He stepped out of his vehicle to see me pouring Sudafed (which is used in making meth) into an empty bottle, while an elderly woman watched me with anticipation. At the same time. my five year old son was attempting to slip said elderly woman a 20 dollar bill. As the officer walked past us, he appeared confused at what was happening. I’m convinced he would have stopped to ask “what’s going on here?” had I not looked so apelike in my desperate attempt to pour a liquid from one plastic bottle into another without spilling it.
Eventually I finished pouring, we concluded our “transaction,” and my son and I made it safely back upstairs without incident. So, yeah. You can send your “Dad of the Year” nominations in right now. Nobody’s better at taking care of a kid while their wife’s away than me. Other than the fact that I almost left him unattended for a few minutes with a homeless gentleman in Walmart. Again, there’s a totally rational explanation for this situation as well.
I took my son to Walmart to pick up a few items for the next day’s breakfast because SOMEBODY had already eaten all the Coco Puffs (me.) As soon as we walked in, I felt a rumblin’ in my tummy. Downing an entire box of Coco Puffs in a single afternoon did not appear to agree with my stomach. I was now facing the real possibility of dealing with a severe case of Coco Butt…in Walmart. I grabbed my son’s hand and we rushed to the bathroom.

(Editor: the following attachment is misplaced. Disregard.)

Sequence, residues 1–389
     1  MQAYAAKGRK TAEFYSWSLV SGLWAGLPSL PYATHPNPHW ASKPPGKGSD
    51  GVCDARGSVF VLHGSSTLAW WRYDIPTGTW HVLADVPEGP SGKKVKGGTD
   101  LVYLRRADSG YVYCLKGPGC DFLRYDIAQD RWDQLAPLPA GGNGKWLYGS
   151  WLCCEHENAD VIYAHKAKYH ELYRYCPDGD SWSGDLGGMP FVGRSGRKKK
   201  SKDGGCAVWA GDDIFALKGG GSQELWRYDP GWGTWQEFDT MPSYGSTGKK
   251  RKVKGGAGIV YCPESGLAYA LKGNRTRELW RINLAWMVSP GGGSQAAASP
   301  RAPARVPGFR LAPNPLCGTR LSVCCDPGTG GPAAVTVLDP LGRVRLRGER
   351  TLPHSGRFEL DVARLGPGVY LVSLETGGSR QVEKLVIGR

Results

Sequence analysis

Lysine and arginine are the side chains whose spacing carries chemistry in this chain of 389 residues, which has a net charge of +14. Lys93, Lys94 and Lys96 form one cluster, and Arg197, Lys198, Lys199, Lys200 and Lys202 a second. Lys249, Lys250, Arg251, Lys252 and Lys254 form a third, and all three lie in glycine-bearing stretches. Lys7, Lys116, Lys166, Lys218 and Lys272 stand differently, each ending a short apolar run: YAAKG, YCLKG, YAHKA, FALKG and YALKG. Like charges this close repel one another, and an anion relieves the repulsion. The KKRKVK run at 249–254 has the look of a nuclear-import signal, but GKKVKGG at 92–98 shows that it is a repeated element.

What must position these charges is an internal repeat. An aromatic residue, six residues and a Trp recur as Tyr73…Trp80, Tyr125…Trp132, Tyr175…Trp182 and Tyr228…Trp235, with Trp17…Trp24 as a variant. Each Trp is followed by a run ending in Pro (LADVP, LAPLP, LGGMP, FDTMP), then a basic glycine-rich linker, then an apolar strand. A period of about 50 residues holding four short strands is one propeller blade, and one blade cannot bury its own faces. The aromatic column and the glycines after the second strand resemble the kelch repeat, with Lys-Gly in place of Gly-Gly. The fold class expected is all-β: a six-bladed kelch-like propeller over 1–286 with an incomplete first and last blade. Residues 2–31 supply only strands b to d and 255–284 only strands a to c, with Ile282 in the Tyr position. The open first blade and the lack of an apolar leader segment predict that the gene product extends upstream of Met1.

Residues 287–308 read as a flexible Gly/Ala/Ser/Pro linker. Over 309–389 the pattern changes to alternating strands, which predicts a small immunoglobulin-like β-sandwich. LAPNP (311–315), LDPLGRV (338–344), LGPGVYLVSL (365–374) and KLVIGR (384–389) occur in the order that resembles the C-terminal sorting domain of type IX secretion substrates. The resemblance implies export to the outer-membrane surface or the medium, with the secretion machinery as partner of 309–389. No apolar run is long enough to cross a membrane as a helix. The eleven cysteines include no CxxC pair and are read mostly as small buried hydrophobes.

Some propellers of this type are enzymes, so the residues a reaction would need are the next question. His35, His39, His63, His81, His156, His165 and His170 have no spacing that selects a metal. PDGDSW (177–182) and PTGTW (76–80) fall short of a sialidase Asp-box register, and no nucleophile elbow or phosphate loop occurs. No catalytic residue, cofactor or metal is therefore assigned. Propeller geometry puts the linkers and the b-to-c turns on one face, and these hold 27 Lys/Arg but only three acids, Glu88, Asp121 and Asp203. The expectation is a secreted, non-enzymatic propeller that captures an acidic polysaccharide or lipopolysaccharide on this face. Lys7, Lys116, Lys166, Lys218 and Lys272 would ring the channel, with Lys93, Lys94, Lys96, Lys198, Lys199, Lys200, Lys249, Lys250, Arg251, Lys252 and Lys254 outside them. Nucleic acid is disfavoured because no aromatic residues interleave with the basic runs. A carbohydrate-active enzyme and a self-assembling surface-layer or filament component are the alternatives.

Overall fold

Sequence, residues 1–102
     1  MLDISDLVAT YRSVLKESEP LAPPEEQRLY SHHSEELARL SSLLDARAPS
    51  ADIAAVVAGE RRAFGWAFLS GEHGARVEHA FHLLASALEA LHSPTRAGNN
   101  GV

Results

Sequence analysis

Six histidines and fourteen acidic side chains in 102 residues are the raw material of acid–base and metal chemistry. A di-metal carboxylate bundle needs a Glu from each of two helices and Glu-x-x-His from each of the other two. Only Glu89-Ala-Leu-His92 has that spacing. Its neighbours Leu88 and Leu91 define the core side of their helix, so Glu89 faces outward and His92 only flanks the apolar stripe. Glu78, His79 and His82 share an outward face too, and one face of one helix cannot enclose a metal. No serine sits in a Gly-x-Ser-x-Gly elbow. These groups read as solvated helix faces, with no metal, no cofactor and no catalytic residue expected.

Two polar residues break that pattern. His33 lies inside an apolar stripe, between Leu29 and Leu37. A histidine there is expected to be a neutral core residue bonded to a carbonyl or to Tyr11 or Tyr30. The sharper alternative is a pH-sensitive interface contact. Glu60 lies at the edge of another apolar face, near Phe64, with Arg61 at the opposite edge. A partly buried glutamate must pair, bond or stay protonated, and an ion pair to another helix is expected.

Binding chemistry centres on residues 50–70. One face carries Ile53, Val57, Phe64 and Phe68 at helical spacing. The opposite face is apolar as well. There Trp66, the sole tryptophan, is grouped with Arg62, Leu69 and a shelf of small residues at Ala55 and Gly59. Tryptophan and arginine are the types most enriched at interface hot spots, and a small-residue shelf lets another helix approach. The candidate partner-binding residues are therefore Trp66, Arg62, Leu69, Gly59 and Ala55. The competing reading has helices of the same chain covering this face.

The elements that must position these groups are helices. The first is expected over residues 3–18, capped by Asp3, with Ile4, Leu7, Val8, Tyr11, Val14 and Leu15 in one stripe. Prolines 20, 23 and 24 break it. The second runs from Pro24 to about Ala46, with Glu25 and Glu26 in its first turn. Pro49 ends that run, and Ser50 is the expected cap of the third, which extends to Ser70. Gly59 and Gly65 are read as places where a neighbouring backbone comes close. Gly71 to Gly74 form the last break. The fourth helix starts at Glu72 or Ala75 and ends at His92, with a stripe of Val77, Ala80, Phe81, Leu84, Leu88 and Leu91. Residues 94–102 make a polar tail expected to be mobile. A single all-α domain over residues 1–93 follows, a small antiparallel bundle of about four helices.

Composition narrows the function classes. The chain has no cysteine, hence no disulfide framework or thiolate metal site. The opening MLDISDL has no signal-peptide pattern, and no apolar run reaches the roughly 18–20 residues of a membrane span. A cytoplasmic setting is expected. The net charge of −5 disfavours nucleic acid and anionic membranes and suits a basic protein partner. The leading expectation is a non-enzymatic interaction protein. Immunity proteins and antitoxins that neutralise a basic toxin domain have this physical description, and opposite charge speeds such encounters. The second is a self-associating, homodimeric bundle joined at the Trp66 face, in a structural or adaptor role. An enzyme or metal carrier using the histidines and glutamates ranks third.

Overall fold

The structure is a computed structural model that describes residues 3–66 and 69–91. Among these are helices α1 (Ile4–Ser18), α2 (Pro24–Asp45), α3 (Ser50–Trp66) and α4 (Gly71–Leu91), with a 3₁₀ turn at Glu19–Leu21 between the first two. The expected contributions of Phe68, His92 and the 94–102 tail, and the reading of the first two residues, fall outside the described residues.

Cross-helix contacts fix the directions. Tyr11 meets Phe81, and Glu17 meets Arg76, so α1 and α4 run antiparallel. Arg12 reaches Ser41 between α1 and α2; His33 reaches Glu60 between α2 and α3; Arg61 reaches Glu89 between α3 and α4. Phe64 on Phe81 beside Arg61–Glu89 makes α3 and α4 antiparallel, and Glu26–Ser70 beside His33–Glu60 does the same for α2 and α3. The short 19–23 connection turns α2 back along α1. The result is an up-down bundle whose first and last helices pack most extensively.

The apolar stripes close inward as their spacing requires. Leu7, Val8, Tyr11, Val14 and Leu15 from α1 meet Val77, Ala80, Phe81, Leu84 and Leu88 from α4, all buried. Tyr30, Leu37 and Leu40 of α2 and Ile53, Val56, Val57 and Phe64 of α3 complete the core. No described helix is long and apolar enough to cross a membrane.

The second we stepped inside my son squealed. “IT SMELLS YUCKY! IT SMELLS YUCKY!.” In retrospect, I can’t blame him because there was, in fact, more than a hint of “yucky” in the air of the Walmart bathroom. He refused to fully enter the bathroom as I pleaded with him to come with me into the stall, lest I have a Chernobyl-level explosion on my hands. I looked around for a nice lady that I could have watch him while I went inside to do my business.